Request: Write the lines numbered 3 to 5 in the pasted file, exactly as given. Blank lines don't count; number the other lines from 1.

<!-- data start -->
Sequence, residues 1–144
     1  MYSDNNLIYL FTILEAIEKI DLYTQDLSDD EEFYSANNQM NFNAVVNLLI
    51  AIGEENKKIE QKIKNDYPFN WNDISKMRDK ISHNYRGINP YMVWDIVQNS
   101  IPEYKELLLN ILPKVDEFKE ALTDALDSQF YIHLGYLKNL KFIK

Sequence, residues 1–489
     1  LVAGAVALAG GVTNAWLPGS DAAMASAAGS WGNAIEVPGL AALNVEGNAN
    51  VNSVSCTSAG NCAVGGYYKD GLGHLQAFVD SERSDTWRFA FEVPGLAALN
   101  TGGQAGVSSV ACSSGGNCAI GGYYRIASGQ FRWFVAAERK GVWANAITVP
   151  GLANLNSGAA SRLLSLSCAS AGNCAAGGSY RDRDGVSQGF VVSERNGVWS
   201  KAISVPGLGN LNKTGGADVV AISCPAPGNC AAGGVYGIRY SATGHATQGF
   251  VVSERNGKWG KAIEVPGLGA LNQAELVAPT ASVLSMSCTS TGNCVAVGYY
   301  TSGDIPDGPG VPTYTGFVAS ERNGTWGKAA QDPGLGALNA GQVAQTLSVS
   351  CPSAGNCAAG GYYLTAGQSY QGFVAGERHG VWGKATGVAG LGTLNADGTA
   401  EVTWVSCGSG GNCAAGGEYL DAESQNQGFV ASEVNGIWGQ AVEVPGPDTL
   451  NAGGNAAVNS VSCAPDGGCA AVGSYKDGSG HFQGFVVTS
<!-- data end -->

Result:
    51  AIGEENKKIE QKIKNDYPFN WNDISKMRDK ISHNYRGINP YMVWDIVQNS
   101  IPEYKELLLN ILPKVDEFKE ALTDALDSQF YIHLGYLKNL KFIK

Sequence, residues 1–489